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Inside the Art-Filled Home of an Eclectic Pair of Collectors

The entry hall, accented by stacked stone walls, links the guest quarters to the main living spaces and doubles as gallery space where the owners display sculptures.
The lap pool links the exercise room to the ramada and serves as a reflecting pool.

Two busy physicians made sure their new Paradise Valley home fit their lifestyle—and showcased their art.

By Nora Burba Trulsson | Photography by Art Holeman

When two physicians decided to build a new home that would allow them to decompress from their busy careers and enjoy family time with their three sons, the couple didn’t just hire a design team, sit back and wait for the magic to happen. Instead, the husband and wife brought forth detailed information about how they wanted to live, how the house needed to feel, their likes and dislikes—and, not to mention, how their significant art collection needed to be incorporated into the new setting.

The resulting 7,000-square-foot, four-bedroom modernist dwelling in Paradise Valley reflects the owners, from the tall window walls capturing views of Camelback Mountain and the 75-foot-long lap pool providing a watery link between the house and the backyard ramada, to the artworks and specimen stone accents that add drama to the interior.

“The homeowners wanted us to understand their lifestyle,” says Phoenix Home & Garden Masters of the Southwest award-winning  architect David Dick, who spearheaded the abode’s design. “They wanted this to be their home—not an architect’s vision—that would be an extraordinary place where they could live for a long time, not just for a few years.”

The backstory to the house began more than a decade ago, when the couple started thinking about building a contemporary dwelling, inspired by their love of the Bauhaus modernist movement. “We bought a property two doors down from our original house,” explains the husband, “and we thought about using that for our parents. Instead, we realized it had a lot of privacy and mountain views, so it would actually be perfect for us.”

Thus began the thoughtful process of creating a home that would include a relaxing master suite and exercise room for the couple, private spaces for their sons, guest quarters for visiting parents and central areas where they could all be together and entertain. “We didn’t want to just throw square footage at our needs,” explains the wife. “We needed the house to fit our lifestyle.” Equally important, was to create a setting that could showcase their collection of fine art and contain details that linked the house to natural elements.

“With the design—and the glass walls—we let the mountain be the star.”

– David Dick, architect

1. One of several patios offers a spot for quiet conversation. 2. An angular ramada shelters the outdoor kitchen and dining area, and underscores mountain views 3. Pops of red enliven the dining room, while natural elements, such as the tree and table, soften the interior’s modern architecture. 4. Napoleon is a regular—but monumental—dinner guest, thanks to a mosaic the owners found in an area tile showroom. 5. Smooth and rough elements combine in the master bathroom, which has access to an outdoor shower in the private courtyard.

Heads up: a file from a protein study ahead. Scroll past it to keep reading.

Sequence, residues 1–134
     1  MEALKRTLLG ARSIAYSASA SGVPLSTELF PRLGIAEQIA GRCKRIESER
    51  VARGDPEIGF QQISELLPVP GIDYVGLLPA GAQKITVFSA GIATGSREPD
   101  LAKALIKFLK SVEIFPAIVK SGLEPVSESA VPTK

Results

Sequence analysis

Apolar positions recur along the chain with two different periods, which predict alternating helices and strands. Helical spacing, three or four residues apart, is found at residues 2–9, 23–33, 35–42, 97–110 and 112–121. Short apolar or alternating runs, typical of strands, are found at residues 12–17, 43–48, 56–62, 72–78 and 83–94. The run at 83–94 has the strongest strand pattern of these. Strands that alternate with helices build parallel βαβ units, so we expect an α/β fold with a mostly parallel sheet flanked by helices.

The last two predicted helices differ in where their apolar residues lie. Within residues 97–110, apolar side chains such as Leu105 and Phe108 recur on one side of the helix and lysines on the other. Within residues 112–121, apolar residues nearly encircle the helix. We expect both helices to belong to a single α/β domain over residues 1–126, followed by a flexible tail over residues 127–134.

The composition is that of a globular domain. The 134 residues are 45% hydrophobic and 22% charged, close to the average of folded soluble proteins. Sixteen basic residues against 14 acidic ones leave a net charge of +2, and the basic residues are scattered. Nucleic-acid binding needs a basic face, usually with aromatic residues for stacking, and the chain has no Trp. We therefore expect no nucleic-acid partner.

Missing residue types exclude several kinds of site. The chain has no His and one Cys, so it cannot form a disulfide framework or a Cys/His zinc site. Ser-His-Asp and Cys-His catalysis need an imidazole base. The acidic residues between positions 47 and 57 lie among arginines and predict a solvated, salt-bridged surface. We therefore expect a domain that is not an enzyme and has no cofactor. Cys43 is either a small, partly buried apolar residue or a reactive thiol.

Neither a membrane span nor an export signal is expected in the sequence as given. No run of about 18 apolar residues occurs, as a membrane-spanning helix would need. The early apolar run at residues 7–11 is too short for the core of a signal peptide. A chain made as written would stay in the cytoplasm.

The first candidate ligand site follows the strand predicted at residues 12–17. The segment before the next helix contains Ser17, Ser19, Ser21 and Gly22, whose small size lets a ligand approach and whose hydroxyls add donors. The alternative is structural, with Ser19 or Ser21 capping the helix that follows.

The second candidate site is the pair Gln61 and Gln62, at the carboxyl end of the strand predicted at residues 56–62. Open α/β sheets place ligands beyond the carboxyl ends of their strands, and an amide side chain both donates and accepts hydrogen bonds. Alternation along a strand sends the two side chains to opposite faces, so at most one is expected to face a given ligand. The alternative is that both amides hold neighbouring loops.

After interviewing several architects, the couple found that Dick could translate their housing desires into a contemporary reality. The architect created a stepped-back plan that affords mountain views and access to the outdoors from almost every room. He flanked the great room and kitchen with the master suite on one side and a study and bedroom for the youngest son on the other. A partial second floor includes a loft-like game room and two bedrooms for the college-age sons, while a gallery entry hall—designed to display sculpture and heirloom furnishings—connects the house to the guest quarters.

“The design of the house is simple, with geometric elements and clean lines,” Dick says. “The stepped-back facade keeps the house from looking boxy, while the pale walls and stone accents help minimize it in the landscape. With the design—and the glass walls—we let the mountain be the star.”

Builder Tim Mann oversaw the construction, which included the installation of many architectural details that were collaborations between the homeowners and the architect. “The owners were definitely part of the design and materials-selection process,” says Mann. “That’s what made this house uniquely theirs.” Among the details that Mann oversaw were the stacked limestone accent walls inside and out.

1. Four palms line the walkway to the residence, which features a set-back design that minimizes its mass and offers numerous views of Camelback Mountain. 2. The landscape for this modernist home received as much consideration as the architecture and interiors. For the backyard, the owners wanted several areas for relaxation, entertaining and exercise, with a clean, uncluttered look that complemented the architecture.